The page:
Article 4 of the Unesco Universal Declaration on Bioethics and Human Rights on Benefit and Harm says that in applying and advancing scientific knowledge and medical practice-associated technologies, direct and indirect benefits to patients, research participants, and other affected individuals should be maximised and any possible harm minimised to such individuals.

Article 15 says benefits resulting from any scientific research and applications should be shared with society as a whole and within the international community, in particular with developing countries.

There are other international conventions and treaties guiding such matters.

The Convention on Biological Diversity (CBD) is an international treaty for the conservation of biodiversity, the sustainable use of the components of biodiversity, and the equitable sharing of the benefits derived from the use of genetic resources.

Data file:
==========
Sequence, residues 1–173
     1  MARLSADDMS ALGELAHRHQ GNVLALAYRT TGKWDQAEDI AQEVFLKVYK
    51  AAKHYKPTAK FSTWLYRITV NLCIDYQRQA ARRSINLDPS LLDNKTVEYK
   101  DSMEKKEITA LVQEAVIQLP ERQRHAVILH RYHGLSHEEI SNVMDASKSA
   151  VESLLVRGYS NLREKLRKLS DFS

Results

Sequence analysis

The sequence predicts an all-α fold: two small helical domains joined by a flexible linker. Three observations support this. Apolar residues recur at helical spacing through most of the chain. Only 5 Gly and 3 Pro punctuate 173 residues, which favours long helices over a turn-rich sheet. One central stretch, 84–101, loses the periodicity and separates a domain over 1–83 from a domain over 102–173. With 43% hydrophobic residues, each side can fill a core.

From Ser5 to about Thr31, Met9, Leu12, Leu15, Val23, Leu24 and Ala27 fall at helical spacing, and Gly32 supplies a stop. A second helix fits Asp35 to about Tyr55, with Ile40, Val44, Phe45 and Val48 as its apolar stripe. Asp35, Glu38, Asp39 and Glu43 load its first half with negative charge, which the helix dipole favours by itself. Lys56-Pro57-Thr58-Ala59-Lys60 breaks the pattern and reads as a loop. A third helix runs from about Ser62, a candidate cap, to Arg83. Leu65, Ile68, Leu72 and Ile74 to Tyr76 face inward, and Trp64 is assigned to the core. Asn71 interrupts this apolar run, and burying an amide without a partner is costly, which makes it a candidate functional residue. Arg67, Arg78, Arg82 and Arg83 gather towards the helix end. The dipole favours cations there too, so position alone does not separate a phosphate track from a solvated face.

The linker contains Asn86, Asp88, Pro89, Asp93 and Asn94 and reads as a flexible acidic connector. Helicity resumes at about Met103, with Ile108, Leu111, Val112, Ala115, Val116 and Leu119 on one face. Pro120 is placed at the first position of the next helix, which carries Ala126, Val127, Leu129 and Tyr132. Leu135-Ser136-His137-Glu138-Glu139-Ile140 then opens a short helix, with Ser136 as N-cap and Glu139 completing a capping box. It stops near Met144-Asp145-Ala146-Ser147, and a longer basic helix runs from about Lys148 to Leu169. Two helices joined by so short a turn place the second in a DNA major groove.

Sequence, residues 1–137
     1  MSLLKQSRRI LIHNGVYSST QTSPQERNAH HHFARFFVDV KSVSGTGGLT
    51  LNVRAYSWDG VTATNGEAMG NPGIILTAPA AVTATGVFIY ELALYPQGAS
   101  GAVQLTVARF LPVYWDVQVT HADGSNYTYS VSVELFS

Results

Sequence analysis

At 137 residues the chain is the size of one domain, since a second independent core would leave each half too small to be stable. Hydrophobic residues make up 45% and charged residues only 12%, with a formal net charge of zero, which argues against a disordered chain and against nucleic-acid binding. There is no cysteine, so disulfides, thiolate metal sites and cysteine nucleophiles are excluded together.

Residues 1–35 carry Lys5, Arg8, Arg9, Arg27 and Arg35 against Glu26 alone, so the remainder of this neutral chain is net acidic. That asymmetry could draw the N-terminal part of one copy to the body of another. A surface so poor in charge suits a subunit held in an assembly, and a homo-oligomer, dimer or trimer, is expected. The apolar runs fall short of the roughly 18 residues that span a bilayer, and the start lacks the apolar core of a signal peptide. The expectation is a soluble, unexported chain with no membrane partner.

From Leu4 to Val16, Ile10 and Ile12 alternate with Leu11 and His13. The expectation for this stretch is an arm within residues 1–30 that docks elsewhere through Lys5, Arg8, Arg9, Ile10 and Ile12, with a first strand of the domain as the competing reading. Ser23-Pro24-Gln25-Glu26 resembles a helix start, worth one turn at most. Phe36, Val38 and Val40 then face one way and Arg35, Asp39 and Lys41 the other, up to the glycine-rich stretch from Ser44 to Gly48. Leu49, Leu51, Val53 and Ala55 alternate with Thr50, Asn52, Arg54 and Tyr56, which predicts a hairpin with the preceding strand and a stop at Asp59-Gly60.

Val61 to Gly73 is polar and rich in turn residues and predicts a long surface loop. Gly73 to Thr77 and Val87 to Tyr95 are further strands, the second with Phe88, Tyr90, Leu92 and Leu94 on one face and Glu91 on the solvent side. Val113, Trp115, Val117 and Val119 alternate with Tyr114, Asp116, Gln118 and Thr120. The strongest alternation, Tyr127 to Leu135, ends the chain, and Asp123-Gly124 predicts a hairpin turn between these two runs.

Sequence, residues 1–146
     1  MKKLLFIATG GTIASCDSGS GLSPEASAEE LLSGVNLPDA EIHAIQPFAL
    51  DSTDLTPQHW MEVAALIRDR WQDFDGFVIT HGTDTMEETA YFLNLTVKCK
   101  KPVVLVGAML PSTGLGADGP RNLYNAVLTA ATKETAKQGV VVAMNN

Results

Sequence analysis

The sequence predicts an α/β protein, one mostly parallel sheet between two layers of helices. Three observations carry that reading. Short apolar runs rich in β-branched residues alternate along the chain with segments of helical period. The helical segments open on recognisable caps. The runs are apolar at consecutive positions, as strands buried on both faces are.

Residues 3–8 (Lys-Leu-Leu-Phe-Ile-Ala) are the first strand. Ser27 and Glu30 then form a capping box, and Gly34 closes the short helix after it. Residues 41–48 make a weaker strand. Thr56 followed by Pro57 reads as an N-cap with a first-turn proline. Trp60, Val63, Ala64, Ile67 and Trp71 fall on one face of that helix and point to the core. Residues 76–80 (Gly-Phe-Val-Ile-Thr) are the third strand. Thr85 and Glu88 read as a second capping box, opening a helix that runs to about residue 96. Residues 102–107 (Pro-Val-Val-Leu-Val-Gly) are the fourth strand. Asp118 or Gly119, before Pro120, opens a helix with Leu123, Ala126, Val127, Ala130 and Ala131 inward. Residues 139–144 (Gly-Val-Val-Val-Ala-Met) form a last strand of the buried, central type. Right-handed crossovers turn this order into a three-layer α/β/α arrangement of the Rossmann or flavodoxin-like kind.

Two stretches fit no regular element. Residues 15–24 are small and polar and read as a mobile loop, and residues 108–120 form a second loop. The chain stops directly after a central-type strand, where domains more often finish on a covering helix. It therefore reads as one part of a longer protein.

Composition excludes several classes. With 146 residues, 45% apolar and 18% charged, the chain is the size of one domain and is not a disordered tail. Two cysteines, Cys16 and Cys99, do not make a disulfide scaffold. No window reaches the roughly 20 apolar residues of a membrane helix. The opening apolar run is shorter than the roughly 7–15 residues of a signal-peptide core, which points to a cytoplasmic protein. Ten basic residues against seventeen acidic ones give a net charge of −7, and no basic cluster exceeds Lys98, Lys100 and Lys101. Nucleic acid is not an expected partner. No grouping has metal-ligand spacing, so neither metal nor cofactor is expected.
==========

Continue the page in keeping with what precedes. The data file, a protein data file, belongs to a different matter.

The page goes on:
With 196 parties, the CBD has near universal participation among countries.

The treaty seeks to address all threats to biodiversity and ecosystem services, including threats from climate change, through scientific assessments, the development of tools, incentives, and processes and  the transfer of technologies and good practices.

Others include the full and active involvement of relevant stakeholders, including indigenous peoples and local communities, youth, women, NGOs, subnational actors, and the business community.

The Nagoya Protocol came into force on October 12, 2014.

It provides a transparent legal framework for the effective implementation of one of the three objectives of the CBD: the fair and equitable sharing of benefits arising out of the utilisation of genetic resources. The Nagoya Protocol also covers traditional knowledge associated with genetic resources.